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"Last Airbender" is superficial spectacle

By Josh Law
On July 7, 2010

"The Last Airbender" is a film based on the Nickelodeon television program "Avatar: The Last Airbender" in which people of different nations are given special abilities to manipulate elements such as fire, water and earth.

The lead character, Aang (Noah Ringer), has returned to his world after a hundred year absence to find the Fire Nation has waged war upon the others. Aang represents the last of his kind, the Air Nation, and is also what is known in the film as an "avatar," one who has the gift of bending the elements.

Aang must learn to manipulate all of the elements, thereby bringing peace to the nations of the "benders", and re-establishing himself as the keystone avatar who brings harmony to the families.

The special effects in this film were outstanding. When the characters manipulated their individual elements during the battle scenes, the fluidity of the animation was incredible. This made for very good climactic fight sequences. All of the background CGI used for the castles and countryside was absolutely breathtaking as well, and when animal characters were introduced, the computer graphics were spot on.

However, there were many times when the screen became very blurry during these sequences, which could be attributed to its conversion to a 3-D format.

The plot lacked real character development, which made it very difficult to get close to any of the characters, and distracted from the philosophical ideas the movie intended to portray.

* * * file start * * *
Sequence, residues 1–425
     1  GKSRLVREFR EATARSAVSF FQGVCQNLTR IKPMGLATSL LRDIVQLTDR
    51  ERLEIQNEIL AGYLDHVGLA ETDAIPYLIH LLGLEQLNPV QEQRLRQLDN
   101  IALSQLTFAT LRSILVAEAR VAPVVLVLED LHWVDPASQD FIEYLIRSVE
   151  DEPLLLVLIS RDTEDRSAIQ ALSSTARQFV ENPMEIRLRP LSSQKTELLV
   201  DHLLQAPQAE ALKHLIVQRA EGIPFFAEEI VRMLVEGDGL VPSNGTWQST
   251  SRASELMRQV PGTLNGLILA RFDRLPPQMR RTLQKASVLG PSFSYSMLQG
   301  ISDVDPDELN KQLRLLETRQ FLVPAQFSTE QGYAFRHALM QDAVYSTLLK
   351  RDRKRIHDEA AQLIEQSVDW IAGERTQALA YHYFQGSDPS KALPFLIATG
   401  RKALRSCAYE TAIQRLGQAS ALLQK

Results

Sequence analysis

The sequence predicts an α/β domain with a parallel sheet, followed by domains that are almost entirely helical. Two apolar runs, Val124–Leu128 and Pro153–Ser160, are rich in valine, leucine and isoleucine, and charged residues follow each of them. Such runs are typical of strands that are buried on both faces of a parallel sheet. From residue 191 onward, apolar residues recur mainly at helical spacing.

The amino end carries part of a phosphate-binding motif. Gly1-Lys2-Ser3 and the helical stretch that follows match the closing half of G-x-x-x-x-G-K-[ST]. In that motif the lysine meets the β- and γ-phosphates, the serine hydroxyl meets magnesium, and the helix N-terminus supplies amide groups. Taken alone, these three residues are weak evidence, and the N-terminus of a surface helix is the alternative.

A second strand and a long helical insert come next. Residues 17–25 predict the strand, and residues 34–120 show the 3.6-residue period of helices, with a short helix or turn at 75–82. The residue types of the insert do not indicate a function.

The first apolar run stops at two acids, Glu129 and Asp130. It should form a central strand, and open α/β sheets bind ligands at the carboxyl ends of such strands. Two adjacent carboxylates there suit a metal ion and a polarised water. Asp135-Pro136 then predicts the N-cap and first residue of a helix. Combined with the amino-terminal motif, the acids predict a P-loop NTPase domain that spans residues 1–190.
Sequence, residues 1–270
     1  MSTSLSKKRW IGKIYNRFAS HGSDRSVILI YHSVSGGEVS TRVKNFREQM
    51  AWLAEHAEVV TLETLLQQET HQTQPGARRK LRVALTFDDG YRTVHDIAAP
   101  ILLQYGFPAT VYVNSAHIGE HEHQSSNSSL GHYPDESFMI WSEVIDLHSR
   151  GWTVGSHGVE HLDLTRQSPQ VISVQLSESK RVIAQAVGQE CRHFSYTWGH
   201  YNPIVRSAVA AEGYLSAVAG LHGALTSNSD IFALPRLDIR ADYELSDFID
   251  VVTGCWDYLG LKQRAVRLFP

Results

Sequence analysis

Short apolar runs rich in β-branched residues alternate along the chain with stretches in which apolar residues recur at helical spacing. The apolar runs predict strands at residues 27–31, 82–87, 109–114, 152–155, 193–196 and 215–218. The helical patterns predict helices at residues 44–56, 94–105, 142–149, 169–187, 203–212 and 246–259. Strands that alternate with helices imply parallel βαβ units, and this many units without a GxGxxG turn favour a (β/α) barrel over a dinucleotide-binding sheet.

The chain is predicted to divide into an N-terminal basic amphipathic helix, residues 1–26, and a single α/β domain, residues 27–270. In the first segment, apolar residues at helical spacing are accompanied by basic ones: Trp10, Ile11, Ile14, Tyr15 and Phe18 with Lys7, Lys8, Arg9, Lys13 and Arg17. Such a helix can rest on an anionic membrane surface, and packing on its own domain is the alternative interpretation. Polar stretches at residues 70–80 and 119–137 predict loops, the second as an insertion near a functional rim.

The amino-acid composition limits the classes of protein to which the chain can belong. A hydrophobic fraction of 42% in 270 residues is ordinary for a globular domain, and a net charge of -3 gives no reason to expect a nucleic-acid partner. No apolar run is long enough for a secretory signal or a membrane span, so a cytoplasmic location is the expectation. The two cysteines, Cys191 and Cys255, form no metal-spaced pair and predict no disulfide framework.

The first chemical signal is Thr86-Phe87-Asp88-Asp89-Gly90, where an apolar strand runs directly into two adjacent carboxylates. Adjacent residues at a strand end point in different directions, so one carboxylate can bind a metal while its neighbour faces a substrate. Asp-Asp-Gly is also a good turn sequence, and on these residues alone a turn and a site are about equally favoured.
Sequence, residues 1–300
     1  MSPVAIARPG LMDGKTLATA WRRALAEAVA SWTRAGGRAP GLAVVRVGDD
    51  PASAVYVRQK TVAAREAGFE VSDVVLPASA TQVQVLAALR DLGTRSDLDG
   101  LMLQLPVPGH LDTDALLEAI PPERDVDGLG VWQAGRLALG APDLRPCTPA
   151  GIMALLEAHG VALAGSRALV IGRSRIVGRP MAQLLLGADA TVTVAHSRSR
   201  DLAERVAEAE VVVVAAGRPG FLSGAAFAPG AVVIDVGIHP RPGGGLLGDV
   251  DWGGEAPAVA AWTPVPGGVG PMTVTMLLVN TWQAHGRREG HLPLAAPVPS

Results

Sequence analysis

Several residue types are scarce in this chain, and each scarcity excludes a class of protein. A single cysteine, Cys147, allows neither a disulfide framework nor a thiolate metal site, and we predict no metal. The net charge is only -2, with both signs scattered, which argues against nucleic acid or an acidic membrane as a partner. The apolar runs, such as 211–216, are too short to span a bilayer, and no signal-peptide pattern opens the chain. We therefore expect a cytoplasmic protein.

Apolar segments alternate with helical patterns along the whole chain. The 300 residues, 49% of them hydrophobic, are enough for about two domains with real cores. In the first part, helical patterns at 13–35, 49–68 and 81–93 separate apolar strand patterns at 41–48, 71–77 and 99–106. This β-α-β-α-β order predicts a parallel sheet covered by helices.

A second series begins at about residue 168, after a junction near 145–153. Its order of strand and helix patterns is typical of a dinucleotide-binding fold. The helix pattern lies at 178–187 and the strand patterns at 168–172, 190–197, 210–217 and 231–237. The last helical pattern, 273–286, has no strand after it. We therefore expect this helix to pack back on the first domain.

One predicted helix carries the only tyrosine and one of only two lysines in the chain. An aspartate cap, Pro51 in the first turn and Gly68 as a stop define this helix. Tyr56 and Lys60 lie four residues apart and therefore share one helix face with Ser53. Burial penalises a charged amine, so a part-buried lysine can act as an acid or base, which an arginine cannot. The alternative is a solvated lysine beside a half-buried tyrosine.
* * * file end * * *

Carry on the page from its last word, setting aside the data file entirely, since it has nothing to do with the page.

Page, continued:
"The Last Airbender" is based around the concepts of balance and mediation, and the belief that in order for one group or nation to exist, there have to be others around to keep the balance. These concepts are very meaningful, and if they had been presented correctly, could have had a profound impact on the viewer's enjoyment. Since there was little to no real character development though, I found it difficult to feel the movie on a deeper level.

The poor choices for actors and their performance during the film were other sore spots in the movie. There were times during the film where the actors did not perform up to par for what we would expect out of a mainstream movie from Hollywood, much less a movie by director M. Night Shayamalan.

The actors who presented good qualities were almost all white in a film steeped in Eastern culture and philosophy, which I found a little strange when contrasted to the fact that many of the characters who exhibit warlike or evil qualities in the film are of a darker skin tone. It calls into question why those specific choices were made during casting.

Overall, "The Last Airbender" was a good film for quick consumption and digestion. It is candy for your eyes and has a good meaning behind it, but I would rather experience it in the theaters in 3-D than at home on the DVD player.

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